Statistics

    Access and download statistics

    Corrections

    All material on this site has been provided by the respective publishers and authors. You can help correct errors and omissions. When requesting a correction, please mention this item's handle: RePEc:fip:fedgfe:2008-46. See general information about how to correct material in RePEc.

    For technical questions regarding this item, or to correct its authors, title, abstract, bibliographic or download information, contact: (Franz Osorio). General contact details of provider: http://edirc.repec.org/data/frbgvus.html .

    If you have authored this item and are not yet registered with RePEc, we encourage you to do it here. This allows to link your profile to this item. It also allows you to accept potential citations to this item that we are uncertain about.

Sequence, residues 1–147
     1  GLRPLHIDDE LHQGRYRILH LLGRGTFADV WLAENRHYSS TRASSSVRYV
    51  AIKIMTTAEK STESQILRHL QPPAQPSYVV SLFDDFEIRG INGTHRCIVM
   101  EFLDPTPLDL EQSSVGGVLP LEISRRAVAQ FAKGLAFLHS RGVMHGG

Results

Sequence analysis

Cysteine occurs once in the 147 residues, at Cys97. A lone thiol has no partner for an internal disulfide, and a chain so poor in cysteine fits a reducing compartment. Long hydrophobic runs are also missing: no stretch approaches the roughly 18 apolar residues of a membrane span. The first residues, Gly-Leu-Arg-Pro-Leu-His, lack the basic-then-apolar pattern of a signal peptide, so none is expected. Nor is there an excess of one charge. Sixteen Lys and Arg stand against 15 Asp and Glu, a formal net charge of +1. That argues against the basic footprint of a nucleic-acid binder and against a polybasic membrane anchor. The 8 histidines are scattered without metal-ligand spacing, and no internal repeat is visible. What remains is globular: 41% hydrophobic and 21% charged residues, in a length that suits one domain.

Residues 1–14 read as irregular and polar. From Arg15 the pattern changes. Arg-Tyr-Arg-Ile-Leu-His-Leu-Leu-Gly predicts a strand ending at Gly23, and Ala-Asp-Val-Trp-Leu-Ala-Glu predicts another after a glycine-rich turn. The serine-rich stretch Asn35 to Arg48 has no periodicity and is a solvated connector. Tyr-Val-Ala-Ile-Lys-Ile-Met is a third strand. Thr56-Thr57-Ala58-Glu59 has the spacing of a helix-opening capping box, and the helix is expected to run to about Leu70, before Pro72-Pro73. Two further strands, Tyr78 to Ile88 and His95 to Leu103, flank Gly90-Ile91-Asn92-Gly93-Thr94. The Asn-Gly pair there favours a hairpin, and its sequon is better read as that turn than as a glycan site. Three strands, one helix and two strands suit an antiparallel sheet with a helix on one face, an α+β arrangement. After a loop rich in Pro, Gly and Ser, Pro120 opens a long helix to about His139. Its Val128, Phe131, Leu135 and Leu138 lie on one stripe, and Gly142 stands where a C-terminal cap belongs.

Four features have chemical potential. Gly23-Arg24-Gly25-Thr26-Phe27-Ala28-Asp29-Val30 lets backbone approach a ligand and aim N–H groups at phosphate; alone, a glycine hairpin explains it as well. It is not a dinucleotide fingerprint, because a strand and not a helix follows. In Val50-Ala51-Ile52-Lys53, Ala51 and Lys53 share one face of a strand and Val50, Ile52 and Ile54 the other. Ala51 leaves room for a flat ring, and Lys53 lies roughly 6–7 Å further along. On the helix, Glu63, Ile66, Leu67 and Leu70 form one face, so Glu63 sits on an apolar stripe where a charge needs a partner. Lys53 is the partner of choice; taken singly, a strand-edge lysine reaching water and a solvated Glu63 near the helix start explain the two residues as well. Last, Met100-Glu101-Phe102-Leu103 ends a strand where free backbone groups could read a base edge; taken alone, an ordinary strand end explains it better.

We have no references for this item. You can help adding them by using this form .

    If you know of missing items citing this one, you can help us creating those links by adding the relevant references in the same way as above, for each refering item. If you are a registered author of this item, you may also want to check the "citations" tab in your RePEc Author Service profile, as there may be some citations waiting for confirmation.

    Please note that corrections may take a couple of weeks to filter through the various RePEc services.

    IDEAS is a RePEc service hosted by the Research Division of the Federal Reserve Bank of St. Louis . RePEc uses bibliographic data supplied by the respective publishers.